Information needed to define potential energy surfaces
Information needed to define operator
Information needed to perform H operation on wavefunction.
Information needed to read the output files.

Files containing information local to a part of the program:
Information needed by runoper
Information needed by runinwf
Information needed by propwf

In order to use all these files with the minimum of effort, there is an include file for each part of the program which lists all the files required there, e.g. includes and, while also includes,, etc.

Source Code Files

The source code of the MCTDH program is split into several directories, one for each part. This makes the code easier to edit and faster to compile. In comparison to earlier versions some files have been split into smaller files for the abovementioned reasons and some new files have been added. The following list shows all files in alphabetical order (ignoring the library files that are described in the Libraries Description) together with a brief description. To get some detailed information about the subroutines in a specific file click on the file name.

Note that the tables below are currently rather incomplete.

The files in the mctdh directory are:

Non-local variables and parameters are initialized here.
MCTDH variables and parameters are initialized here.
Reads the input data from the input file.
Contains utility subroutines to open the input and output files and to read the input data.
Reads the Run-Section from the input file.
Reads the SPF-Basis-Section from the input file.
MCTDH main program.
Reads natural potential data.
Analyses the time needed in the various sections of the program.

The gendvr directory contains files for generating a DVR/FBR representation of the Hamiltonian and single-particle functions:

Reads the Primitive-Basis-Section from the input file.
Driver routine for setting up the DVR matrices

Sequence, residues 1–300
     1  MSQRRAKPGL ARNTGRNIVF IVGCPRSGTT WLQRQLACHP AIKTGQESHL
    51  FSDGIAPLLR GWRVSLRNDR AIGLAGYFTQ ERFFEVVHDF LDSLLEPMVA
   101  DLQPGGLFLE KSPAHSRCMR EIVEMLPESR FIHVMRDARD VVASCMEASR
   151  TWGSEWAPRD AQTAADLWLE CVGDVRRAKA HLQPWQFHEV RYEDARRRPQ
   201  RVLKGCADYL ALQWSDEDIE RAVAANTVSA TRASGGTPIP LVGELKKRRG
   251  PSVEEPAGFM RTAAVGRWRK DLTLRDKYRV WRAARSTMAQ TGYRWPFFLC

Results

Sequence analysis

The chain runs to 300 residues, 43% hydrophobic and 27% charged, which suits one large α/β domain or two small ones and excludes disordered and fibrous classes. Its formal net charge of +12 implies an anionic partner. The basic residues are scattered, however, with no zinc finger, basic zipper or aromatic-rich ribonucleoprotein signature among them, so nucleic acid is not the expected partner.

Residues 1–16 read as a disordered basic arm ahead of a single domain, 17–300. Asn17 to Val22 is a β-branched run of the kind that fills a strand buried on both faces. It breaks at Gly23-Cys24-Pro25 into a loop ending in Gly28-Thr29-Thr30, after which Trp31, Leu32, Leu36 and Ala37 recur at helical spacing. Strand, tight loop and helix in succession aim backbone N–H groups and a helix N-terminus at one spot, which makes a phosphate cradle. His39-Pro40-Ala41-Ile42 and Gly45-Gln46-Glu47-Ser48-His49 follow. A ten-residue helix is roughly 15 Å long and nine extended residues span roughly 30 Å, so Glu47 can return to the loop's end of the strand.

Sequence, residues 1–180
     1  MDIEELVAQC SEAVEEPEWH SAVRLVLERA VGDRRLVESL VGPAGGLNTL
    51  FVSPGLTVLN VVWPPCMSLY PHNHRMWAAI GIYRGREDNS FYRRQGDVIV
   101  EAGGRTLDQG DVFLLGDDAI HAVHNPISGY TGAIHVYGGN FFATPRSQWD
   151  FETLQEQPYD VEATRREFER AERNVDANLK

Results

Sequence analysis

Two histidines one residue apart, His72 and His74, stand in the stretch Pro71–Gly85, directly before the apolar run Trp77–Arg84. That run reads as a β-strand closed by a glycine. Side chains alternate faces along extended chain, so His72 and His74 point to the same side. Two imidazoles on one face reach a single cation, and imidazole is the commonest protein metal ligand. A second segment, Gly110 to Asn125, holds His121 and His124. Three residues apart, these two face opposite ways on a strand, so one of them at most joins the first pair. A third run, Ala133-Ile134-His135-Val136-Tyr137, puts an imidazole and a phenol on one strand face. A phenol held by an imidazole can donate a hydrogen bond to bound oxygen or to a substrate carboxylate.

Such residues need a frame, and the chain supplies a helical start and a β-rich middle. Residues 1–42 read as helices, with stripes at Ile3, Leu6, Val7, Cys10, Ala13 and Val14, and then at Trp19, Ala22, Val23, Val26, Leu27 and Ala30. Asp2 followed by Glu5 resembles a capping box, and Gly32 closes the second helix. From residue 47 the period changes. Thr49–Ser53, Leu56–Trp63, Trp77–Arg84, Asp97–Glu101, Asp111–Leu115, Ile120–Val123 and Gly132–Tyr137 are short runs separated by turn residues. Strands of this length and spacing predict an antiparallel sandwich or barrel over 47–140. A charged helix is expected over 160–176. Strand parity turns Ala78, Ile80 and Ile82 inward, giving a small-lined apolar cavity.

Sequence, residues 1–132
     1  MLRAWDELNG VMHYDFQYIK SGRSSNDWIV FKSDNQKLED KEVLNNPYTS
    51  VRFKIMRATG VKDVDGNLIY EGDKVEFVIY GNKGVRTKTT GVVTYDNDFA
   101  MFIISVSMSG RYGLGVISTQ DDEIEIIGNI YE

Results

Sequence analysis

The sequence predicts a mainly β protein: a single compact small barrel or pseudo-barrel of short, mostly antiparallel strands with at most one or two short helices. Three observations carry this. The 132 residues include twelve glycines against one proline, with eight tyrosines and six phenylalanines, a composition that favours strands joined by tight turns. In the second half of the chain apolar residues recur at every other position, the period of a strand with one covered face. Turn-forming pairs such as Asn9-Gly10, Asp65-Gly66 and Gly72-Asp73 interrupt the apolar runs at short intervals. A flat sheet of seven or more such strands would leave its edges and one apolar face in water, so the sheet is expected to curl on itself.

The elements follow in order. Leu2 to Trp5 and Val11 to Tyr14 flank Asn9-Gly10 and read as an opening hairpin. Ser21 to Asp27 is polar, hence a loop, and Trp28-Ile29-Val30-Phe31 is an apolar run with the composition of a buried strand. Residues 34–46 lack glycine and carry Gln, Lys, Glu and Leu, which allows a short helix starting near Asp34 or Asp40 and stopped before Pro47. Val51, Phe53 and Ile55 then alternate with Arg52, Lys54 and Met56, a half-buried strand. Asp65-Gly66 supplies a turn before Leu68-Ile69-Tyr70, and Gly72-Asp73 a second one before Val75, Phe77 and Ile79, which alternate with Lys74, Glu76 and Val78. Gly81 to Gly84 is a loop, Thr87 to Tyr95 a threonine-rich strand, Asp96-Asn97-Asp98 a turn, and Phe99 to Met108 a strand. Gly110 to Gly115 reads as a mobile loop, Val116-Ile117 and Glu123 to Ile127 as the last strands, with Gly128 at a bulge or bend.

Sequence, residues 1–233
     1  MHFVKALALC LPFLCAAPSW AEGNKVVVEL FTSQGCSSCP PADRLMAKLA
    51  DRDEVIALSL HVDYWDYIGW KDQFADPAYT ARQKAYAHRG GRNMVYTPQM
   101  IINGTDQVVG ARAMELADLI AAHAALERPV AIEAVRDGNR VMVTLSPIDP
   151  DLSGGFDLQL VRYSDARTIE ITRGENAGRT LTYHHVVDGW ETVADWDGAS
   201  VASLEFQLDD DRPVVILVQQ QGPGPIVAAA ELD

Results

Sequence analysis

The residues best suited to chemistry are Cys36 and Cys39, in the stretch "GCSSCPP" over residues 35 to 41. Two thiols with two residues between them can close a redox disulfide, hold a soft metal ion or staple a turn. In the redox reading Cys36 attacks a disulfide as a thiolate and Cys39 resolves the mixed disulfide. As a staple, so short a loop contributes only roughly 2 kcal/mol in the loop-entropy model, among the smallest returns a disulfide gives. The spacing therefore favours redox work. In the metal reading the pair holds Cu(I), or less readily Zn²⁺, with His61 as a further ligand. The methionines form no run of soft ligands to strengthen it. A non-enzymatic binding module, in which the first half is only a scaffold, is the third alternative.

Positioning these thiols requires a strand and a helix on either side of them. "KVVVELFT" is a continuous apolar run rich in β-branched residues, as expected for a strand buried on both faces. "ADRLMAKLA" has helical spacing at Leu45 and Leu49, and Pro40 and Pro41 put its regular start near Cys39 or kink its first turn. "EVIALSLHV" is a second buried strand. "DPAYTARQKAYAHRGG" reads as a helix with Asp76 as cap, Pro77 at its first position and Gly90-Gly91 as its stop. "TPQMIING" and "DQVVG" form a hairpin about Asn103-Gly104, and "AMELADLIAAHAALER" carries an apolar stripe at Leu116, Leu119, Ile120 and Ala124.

Initialises the arrays trafo, d1mat and d2mat for a DVR basis set.

The files in the genoper directory serve to build up the Hamiltonian:

Reads the Operator-Section from the input file.
Reads operator file (cf. Hamiltonian Documentation).
Auxiliary subroutines to read operator file.
Calculates pointer structure and allocates the memory arrays to the standard variable arrays.

In the geninwf directory those files are stored that create an initial wavepacket:

adiabatic correction of the initial state (H+H2 only)
(diabatic) WKB energy correction
Contains the subroutines employed to read an old wavefunction.
Computes diabatic translational mean-field.
Calculates pointer structure for rundvr.F (Build of DVR).
Calculates pointer structure for runinwf.F (Build of initial WF).
Calculates pointer structure for runoper.F (Build of operator module).

The propwf directory contains files needed for the wavefunction propagation (or the Hamiltonian diagonalisation):

Contains all subroutines related to the output of the autocorrelation function.
Contains all subroutines related to the on-the-fly calculation and the output of the cross-correlation function.
Contains subroutines needed for data output.
Contains subroutines needed for diagonalising the Hamiltonian.
Contains subroutines to calculate the action of the Hamiltonian.
Contains all routines needed for the integration that are MCTDH specific and thus not stored in the various integrator library modules.
Calculates the time derivative of the MCTDH coefficients. For Hamiltonian terms involving only a single state the mean field matrices are calculated too.
Calculates pointer structure for runprop.
Calculates mean-fields.
Controls the output of data.
Controls the propagation of the wavefunction.
Contains auxiliary subroutines to propagate the wavefunction.
Contains subroutines to transform the wavefunction.
Calculates pointer structure and allocates the memory arrays to the standard variable arrays.

The files compile and Makefile are needed to compile the code. For further information see Compiling the Programs.